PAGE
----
Viewing Canada Live & Online, Pt. 5 – British Columbia

Viewing Canada Live & Online, Pt. 5 – British Columbia

In honour of Canada’s 150th birthday, we have been making our way across Canada on the blog via webcams! You can revisit our look at the Maritimes, Quebec, Ontario, and the Prairies, and travel northwest with us as we wrap up our survey of some of the great online views of Canada.

I’ve learned a lot as I’ve virtually travelled across the country seeking out webcams aimed at great views and historic places. Continue reading

Viewing Canada Live and Online Pt. 4 – The Prairies

Viewing Canada Live and Online Pt. 4 – The Prairies

I’m making my way across Canada from the East Coast to the West via webcams. This week I’m moving into Manitoba, Saskatchewan, and Alberta (my home province). These three provinces make up the “Prairies” and are all partially covered by prairie grasslands. Manitoba joined the confederation early on — in 1870, only 3 years after the original four provinces united — but Saskatchewan and Alberta joined later in 1905. Continue reading

Viewing Canada Live & Online, Pt. 3 — Ontario

Viewing Canada Live & Online, Pt. 3 — Ontario

Parliament Hill, Ottawa

Screen shot 2017-04-30 at 20.12.36

There has been a webcam aimed at Parliament Hill since 1995 (Find out more in this article from the CBC)! This webcam, mounted on the Birks Building on Sparks Street in Ottawa, shows views of Centre Block, the impressive Peace Tower, and the Centennial Flame (at the centre bottom of the screen) in the grounds of the Parliament Buildings. The flame has been burning since Centennial Year (1967).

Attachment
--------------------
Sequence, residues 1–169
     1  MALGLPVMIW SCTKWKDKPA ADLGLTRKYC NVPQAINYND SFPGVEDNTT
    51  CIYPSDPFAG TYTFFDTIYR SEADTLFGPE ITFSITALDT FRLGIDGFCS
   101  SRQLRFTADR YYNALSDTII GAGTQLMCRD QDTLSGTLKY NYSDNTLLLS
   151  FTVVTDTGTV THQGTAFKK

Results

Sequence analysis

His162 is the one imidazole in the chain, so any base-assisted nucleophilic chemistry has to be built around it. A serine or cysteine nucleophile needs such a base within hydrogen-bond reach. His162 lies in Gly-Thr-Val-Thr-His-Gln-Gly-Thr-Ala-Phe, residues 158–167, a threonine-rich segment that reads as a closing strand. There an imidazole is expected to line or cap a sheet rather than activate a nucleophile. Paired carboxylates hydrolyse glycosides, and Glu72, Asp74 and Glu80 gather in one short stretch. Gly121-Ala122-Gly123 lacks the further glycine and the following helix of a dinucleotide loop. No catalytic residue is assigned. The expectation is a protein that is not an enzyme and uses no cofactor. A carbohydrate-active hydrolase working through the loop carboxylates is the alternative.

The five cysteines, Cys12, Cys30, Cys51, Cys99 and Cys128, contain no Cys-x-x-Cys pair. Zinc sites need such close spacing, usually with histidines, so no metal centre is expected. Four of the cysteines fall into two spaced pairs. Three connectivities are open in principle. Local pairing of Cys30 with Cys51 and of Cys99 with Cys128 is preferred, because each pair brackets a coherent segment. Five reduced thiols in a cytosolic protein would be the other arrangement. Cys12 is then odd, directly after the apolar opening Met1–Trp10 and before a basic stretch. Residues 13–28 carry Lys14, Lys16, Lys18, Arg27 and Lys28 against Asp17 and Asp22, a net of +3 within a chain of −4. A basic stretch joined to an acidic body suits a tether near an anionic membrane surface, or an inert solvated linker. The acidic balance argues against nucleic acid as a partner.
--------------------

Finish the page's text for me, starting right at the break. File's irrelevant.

The webcam requires refreshing of the page, but it’s a great view of the beautiful building that was rebuilt in 1917 following a massive fire. Continue reading

Viewing Canada Live and Online Pt. 2 — Quebec

Viewing Canada Live and Online Pt. 2 — Quebec

A few weeks ago I began a discussion about webcams on the blog. Although certainly an older technology, webcams can provide information, insight, and opportunities to look into places that we might not be able to get to offline. I provided a number of links to webcams in the Maritime Provinces of Newfoundland, Prince Edward Island, Nova Scotia, and New Brunswick. This week I’m moving west into Quebec for a glimpse at the province’s natural beauty, architecture, and history. Continue reading

Viewing Canada Live & Online Pt. 1: The Maritimes

Viewing Canada Live & Online Pt. 1: The Maritimes

Webcams are an older digital technology and are often overlooked in favour of photographs, video clips, and “live” broadcasts on social media, but webcams are still around, sharing live footage of beautiful sites across Canada and abroad. Nowadays most seem to be focussed on two things: weather and traffic reporting. They also have their drawbacks — footage may be stilted, unavailable at times, hindered by weather, or the website might even require visitors to manually refresh the website in order to see a new image (I warned you that this is “old” technology!). Continue reading